LONDON (ZDNet UK)--A fledgling effort to replicate Microsoft's .Net architecture on Linux, called Mono, could quickly become mired in intellectual property difficulties.
Tony Goodhew, a program manager in Microsoft's developer products group, has warned that licensing problems might result if open source code is mixed with Microsoft's .Net software.
The Mono project founders plan to exploit key .Net technology specifications that Microsoft has submitted to standards body ECMA. However, Goodhew said ECMA allows technology submitters to license their intellectual property, to retain control over implementation.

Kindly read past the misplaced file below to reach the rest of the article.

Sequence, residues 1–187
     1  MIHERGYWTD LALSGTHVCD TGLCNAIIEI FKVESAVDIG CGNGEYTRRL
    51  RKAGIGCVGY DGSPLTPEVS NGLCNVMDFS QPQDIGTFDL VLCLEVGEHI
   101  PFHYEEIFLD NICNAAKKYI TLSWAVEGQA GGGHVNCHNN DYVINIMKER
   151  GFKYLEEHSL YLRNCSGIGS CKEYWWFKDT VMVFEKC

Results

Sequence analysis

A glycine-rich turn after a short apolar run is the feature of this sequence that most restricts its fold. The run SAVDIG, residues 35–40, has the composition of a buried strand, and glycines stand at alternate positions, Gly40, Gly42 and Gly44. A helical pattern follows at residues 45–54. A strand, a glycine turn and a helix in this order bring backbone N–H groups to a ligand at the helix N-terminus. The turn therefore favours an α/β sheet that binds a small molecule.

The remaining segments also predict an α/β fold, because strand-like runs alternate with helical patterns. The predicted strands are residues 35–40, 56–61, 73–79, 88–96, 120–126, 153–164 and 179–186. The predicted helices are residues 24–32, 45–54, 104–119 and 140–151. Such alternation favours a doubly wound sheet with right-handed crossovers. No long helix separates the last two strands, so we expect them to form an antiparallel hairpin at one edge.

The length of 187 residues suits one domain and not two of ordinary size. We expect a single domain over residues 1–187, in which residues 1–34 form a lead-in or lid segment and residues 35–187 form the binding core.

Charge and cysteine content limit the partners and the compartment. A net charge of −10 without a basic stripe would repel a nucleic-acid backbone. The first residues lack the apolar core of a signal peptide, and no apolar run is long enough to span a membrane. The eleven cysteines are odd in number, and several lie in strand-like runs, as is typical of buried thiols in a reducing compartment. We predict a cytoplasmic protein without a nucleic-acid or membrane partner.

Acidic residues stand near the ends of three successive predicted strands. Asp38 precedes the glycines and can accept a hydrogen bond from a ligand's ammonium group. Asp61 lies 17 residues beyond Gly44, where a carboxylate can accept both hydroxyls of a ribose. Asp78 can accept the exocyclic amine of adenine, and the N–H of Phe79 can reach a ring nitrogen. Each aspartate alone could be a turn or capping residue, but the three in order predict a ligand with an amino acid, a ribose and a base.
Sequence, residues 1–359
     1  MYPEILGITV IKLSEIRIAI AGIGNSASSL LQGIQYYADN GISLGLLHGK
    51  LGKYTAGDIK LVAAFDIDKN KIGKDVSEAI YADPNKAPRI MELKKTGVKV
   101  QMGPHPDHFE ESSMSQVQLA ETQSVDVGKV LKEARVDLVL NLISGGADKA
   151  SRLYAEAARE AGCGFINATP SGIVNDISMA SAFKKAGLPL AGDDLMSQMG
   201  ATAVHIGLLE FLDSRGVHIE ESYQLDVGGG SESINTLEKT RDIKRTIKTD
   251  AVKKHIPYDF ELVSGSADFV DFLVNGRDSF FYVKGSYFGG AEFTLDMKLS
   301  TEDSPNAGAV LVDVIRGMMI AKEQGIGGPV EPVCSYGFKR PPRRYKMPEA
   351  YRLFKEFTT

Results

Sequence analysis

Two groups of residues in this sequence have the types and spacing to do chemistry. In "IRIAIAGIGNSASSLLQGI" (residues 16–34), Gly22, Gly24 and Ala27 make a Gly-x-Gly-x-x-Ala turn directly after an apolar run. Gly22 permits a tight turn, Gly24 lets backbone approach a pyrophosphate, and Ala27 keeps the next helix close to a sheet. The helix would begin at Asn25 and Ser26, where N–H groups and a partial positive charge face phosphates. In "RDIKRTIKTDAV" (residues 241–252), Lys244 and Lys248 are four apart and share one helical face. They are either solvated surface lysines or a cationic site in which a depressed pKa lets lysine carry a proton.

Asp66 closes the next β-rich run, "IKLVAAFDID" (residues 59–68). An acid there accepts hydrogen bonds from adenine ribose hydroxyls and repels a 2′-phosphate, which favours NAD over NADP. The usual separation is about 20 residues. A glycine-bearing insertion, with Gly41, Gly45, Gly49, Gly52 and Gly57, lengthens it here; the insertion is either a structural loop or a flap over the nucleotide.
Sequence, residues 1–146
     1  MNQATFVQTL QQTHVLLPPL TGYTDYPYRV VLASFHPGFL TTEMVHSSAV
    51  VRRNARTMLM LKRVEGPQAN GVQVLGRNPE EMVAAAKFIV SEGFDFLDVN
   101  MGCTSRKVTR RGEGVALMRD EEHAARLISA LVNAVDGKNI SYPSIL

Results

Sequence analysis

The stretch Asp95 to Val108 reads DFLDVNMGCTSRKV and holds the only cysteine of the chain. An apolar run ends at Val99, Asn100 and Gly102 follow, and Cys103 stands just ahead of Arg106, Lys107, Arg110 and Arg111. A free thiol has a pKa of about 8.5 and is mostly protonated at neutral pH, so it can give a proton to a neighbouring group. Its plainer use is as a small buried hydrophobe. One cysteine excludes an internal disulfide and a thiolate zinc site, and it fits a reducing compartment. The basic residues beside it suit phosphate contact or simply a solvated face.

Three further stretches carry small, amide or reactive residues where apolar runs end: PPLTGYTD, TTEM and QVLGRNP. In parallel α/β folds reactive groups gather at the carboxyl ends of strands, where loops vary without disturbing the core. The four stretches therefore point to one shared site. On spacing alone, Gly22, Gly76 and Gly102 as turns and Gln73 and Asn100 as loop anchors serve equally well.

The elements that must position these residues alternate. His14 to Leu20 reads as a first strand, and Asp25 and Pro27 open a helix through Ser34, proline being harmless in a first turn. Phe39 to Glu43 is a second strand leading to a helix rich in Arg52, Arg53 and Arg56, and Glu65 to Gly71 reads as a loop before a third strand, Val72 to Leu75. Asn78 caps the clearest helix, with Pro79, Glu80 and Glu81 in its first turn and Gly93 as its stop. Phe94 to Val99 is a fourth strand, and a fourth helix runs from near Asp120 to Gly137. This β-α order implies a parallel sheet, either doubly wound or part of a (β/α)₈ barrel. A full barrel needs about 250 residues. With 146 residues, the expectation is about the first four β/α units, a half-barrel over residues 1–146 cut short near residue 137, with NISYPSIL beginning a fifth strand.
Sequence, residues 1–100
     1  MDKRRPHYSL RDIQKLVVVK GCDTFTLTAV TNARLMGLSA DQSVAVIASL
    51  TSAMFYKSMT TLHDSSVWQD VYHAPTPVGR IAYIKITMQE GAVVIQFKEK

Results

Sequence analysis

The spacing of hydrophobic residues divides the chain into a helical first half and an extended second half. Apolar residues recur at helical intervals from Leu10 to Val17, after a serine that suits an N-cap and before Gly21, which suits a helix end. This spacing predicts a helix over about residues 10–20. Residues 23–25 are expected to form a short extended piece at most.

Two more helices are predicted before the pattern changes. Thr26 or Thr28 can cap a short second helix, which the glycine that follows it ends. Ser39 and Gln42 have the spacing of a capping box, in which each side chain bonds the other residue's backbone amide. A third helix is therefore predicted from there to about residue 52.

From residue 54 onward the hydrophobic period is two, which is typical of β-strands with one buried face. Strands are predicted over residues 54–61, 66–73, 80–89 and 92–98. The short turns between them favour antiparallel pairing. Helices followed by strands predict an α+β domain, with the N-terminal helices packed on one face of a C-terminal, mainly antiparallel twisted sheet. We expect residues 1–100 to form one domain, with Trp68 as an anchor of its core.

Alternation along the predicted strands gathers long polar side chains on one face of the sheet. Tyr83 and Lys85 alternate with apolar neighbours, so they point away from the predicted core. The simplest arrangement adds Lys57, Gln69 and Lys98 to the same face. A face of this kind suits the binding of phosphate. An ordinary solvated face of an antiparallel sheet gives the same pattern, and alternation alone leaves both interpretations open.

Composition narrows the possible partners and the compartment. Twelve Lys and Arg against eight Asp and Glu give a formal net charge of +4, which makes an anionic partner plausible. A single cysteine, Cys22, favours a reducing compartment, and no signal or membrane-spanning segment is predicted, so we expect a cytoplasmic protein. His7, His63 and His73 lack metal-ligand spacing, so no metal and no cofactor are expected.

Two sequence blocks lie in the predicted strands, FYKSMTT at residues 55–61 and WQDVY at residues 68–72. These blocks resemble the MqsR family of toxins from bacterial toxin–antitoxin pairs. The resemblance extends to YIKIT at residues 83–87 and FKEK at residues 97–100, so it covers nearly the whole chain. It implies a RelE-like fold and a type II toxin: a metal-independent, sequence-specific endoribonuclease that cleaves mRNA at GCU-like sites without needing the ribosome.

Goodhew said Microsoft will publish licence terms covering "all the intellectual property we believe will be required to implement [the core dot-Net] standard" prior to the ECMA general assembly in December.
However, Jan van den Beld, ECMA secretary general, said the licence would cover only Microsoft's own implementation, not the standard itself. "There are no known rights owned by Microsoft that would require a licensing agreement," he said.
Miguel de Icaza, Mono's founder, said, "The consensus is that [Microsoft] could stop someone from implementing the specs by using patents. [But] nothing in dot-Net is really innovative, so it would be simple to use alternative non-patented approaches."